I think respectable arguments can and have been be made both ways on this one but I do think there's one error in the logic "we pay our taxes, that's all we should have to pay." You pay taxes, I pay taxes, and maybe everyone else contributing to this thread pays taxes, but as I recall the statistics from the late, great debate over George W's tax cut, something like 50% of the citizens of this country pay little or no taxes and that's not even counting the millions of illegal immigrants who obviously pay no taxes. It appears that the people who pay taxes, at least in any significant amount, are actually a minority in this country today. So at least the proposed fees will cause those people to pay something if they use the lands in question, which seems to me a good thing.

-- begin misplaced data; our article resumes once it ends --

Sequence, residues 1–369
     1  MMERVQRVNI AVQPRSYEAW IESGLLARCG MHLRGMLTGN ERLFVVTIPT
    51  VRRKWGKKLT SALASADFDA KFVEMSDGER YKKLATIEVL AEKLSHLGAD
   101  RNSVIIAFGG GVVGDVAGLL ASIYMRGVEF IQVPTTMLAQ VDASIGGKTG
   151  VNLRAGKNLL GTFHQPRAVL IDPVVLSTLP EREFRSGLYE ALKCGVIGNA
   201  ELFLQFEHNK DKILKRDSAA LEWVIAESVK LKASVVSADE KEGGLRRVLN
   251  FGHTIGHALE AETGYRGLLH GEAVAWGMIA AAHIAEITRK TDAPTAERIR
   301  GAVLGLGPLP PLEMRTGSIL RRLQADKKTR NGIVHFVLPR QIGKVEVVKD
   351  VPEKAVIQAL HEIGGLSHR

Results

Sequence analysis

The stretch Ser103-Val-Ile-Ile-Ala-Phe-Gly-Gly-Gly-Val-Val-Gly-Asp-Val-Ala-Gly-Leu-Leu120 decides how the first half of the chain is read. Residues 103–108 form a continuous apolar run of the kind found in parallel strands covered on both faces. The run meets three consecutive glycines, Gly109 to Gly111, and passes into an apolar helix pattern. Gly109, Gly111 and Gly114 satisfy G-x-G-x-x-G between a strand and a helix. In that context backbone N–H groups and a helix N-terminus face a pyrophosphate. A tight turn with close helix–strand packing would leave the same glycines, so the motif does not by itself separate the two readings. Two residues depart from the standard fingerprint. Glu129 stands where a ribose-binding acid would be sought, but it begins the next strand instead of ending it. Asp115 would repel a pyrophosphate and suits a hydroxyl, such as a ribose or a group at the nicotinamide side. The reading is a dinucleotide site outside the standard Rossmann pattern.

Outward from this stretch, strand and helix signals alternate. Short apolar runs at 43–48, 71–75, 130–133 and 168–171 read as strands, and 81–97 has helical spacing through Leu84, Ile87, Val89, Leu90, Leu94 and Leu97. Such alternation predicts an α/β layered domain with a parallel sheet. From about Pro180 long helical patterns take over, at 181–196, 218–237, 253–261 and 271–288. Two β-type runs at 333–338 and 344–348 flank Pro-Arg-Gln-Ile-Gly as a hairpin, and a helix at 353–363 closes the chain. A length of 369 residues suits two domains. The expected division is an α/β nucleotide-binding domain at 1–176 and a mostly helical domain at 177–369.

-- Brian Ellis (, August 23, 2001.

Rather than blame liberals, ou should blame those 'conservatives" who slash and burn all aspects of the local, state and federal budgets (all aspects of course, except those aspects where it profits their big financial backers, like giant cattle ranching operations , big agricultural businesses, the defense industries, weapon manufacturers, insurance agencies, the energy industry, etc.,). These are the politicians who want us (the people with small pockets) pay for using "our" public lands.

Funny how all these issues started to pop up in the wake of the "Reagan Revolution". I don't think it is a coincidence. Guys like both Bushes, and Reagan, and Tom Delay, etc. are exploiting your natural independant streak by claiming to be on your side and "against big goverment." when in reality they are big goverment. it must be really psychically difficult to be railing against yourself all the time. It must be what really makes them nuts.

-- Ellis Vener Photography (, August 24, 2001.